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Publication numberUS6597529 B1
Publication typeGrant
Application numberUS 09/439,775
Publication dateJul 22, 2003
Filing dateNov 12, 1999
Priority dateNov 12, 1999
Fee statusPaid
Publication number09439775, 439775, US 6597529 B1, US 6597529B1, US-B1-6597529, US6597529 B1, US6597529B1
InventorsJeffrey V. DeRosa
Original AssigneeMaxtor Corporation
Export CitationBiBTeX, EndNote, RefMan
External Links: USPTO, USPTO Assignment, Espacenet
Method and apparatus for reducing acoustic noise in servo-controlled system
US 6597529 B1
Abstract
A method is provided for radially moving a transducer over a storage surface of a rotating data disk including multiple concentric data tracks, for reducing noise generated during a seek operation from a starting track to a destination track on the disk. The transducer is radially moveable relative to said data tracks by an actuator in proportion to an input signal to the actuator, wherein the transducer is initially accelerated away from the starting track to a radial transition location between the starting track and the destination track, and then decelerated toward the destination track from the transition location. The method comprises the steps of: (a) detecting a radial location of the transducer in relation to the disk; (b) detecting the distance between the transducer and the transition location; (c) estimating a time-related interval for the transducer to traverse the detected distance; and (d) regulating the input signal as a function of the estimated interval to control the rate of change of radial velocity of the transducer across the disk.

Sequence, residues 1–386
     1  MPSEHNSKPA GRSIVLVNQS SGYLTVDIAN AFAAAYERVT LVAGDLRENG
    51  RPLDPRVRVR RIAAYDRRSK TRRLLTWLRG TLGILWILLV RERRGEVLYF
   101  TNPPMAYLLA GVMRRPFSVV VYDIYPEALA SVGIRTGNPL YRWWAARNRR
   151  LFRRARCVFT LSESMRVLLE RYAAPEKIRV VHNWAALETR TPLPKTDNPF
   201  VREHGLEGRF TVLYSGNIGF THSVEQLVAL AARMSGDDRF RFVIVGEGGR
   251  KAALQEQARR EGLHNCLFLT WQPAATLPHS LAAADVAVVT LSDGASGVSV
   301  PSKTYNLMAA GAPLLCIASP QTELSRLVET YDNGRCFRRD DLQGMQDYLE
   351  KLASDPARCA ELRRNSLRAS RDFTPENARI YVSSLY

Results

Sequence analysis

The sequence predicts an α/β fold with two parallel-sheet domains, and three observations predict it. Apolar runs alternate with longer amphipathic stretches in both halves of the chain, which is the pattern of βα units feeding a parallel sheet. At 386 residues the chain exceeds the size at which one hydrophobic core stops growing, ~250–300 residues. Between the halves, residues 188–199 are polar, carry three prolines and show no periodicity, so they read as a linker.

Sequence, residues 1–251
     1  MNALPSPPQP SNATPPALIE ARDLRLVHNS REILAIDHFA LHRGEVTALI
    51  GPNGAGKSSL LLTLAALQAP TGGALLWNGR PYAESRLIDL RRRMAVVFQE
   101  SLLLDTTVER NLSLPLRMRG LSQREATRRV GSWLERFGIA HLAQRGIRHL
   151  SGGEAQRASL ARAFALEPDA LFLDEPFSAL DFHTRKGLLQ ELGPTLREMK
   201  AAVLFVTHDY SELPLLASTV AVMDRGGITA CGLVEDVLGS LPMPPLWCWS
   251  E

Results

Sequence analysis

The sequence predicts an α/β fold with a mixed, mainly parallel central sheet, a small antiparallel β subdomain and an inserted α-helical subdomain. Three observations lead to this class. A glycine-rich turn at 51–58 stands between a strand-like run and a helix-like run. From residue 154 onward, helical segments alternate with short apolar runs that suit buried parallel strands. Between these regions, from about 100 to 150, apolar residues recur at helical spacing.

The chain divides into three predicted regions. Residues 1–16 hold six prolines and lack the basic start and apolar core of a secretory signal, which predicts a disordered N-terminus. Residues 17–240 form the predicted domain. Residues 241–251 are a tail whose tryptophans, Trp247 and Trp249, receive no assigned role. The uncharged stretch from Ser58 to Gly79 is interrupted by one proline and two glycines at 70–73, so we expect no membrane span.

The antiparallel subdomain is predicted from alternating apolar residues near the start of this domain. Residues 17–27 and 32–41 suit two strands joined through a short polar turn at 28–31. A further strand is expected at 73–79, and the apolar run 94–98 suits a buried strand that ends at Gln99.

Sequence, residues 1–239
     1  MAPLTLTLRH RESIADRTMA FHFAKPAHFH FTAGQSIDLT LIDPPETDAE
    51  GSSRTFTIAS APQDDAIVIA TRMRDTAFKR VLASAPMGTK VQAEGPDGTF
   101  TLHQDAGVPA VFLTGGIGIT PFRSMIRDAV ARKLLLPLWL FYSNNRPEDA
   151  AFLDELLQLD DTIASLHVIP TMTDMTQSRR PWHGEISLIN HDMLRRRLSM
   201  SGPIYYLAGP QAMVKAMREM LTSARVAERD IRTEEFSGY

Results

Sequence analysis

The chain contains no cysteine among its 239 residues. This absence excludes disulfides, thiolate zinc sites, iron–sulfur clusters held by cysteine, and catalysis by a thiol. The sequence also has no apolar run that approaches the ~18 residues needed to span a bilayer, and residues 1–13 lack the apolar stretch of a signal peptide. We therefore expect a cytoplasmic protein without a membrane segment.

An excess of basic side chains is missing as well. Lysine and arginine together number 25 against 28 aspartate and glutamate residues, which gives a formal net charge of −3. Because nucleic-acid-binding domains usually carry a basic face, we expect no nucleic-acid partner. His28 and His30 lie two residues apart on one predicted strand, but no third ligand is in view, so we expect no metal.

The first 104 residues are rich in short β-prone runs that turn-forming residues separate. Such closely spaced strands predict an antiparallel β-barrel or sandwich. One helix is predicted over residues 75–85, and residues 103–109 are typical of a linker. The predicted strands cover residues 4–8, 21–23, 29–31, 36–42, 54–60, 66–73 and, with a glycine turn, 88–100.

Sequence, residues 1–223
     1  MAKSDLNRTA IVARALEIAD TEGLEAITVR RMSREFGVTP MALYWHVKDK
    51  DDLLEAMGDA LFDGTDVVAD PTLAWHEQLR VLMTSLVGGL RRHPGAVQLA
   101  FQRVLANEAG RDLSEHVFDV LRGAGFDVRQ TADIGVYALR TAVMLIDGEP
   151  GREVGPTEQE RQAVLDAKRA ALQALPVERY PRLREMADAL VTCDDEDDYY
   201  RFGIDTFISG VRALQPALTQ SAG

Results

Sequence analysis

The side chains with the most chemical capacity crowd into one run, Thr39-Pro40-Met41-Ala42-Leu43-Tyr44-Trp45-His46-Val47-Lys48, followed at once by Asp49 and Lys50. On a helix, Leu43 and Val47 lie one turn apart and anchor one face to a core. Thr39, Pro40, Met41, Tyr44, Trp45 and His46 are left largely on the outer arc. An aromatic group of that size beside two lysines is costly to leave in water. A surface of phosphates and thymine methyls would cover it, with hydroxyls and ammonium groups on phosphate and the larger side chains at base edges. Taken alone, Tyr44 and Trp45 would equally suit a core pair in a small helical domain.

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Claims(34)
What is claimed is:
1. A method for radially moving a transducer over a storage surface of a rotating data disk including multiple concentric data tracks, for reducing noise generated during a seek operation from a starting track to a destination track on the disk, the transducer being radially moveable relative to said data tracks by an actuator in proportion to an input signal to the actuator, wherein the transducer is initially accelerated away from the starting track to a radial transition location between the starting track and the destination track, and then decelerated toward the destination track from the transition location, comprising the steps of:
(a) detecting a radial location of the transducer in relation to the disk tracks;
(b) detecting the distance between the transducer location and the transition location;
(c) estimating a time interval for the transducer to traverse the detected distance; and